Matthew 25:34 (ESV) … “Then the King will say to those on his right, ‘Come, you who are blessed by my Father, inherit the kingdom prepared for you from the foundation of the world.”
The king’s division is clearly between those who are saved and those who are lost, as his verdicts make clear. The first group, those on his right, are told, ‘Come, you who are blessed by my Father; inherit the kingdom prepared for you from the foundation of the world’ (25:34).
We have only to recall the Beatitudes to realize that these blessed ones are faithful children of God, the true disciples of Christ. They are heirs of the kingdom, the kingdom prepared in God’s sovereign grace since the creation of the world. All this has to be assumed.
Jesus does not include every element of the gospel in every part of his teaching. Salvation is by grace, received in faith. That we must never doubt. What we have here is the evidence of that faith. Salvation is by faith and judgement is by works. The king looks for works as evidence of genuine faith. This much-neglected truth is to be found throughout the New Testament (cf. 2 Cor. 5:10; Rom. 2:16). What we have here is a further definition of what it means to be faithful.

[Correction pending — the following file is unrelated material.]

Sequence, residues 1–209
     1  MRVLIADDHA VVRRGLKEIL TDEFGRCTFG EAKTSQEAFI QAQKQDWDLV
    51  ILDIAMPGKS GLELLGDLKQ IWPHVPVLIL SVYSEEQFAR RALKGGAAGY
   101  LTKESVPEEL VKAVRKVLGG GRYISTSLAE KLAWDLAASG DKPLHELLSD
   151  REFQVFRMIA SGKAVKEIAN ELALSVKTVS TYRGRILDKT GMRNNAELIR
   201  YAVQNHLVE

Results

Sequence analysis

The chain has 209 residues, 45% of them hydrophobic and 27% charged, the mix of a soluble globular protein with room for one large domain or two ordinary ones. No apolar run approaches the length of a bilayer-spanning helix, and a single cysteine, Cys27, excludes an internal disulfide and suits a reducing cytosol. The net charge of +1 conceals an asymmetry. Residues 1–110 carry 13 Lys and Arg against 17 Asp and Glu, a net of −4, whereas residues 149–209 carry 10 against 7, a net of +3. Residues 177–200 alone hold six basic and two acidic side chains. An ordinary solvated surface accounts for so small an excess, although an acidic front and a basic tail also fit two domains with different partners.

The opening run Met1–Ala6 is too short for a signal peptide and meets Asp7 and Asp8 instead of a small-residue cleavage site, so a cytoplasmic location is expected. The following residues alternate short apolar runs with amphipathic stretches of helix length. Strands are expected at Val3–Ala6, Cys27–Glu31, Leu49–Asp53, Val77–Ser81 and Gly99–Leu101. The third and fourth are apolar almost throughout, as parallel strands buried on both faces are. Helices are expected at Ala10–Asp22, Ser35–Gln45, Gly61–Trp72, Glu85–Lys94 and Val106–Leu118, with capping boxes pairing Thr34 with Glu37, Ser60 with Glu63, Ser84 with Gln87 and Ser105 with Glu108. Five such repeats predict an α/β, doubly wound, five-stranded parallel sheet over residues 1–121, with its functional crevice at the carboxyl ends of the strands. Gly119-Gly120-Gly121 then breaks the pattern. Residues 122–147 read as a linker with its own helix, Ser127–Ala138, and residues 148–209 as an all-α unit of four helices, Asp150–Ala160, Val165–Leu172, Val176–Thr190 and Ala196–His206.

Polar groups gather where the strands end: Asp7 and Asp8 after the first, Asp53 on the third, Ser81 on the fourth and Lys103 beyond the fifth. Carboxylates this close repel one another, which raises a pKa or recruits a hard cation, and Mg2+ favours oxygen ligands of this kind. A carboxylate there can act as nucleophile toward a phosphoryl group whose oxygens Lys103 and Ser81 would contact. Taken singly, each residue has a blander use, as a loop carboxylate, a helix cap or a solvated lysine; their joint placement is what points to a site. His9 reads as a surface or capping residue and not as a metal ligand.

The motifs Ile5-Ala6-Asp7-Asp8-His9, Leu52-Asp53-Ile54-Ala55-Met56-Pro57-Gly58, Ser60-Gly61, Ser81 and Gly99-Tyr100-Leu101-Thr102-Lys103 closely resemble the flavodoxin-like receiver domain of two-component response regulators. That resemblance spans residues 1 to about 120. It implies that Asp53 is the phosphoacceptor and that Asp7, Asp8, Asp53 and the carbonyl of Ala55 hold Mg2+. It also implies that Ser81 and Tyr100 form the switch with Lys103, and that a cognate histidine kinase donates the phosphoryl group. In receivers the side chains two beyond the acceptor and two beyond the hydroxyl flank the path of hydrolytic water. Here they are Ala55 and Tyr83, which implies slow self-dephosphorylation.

In verse 41, we are told that the wicked ‘will go away to eternal punishment, but the righteous to eternal life’. This parallel statement is almost sufficient on its own to refute those who claim that the fate of the wicked is annihilation, not everlasting conscious punishment. While it is true that ‘eternal’ can refer to the quality of the age to come, the link with life in the presence of God shows that it must include the idea of ‘everlasting’, as God is everlasting. This should be sufficient to direct us first to Christ for mercy and then to examination of ourselves for confirmation that we have received forgiveness. Although the wicked were considered second, Christ ends his discourse with the destiny of the righteous. These are words of warning, but also of promise. His desire is that sinners should repent. Like the Father, he takes ‘no pleasure in the death of the wicked, but rather that they turn from their ways and live’ (Ezek. 33:11).
 Legg, J. (2004). The King and His Kingdom: The Gospel of Matthew Simply Explained (pp. 473–474). Darlington, England: Evangelical Press.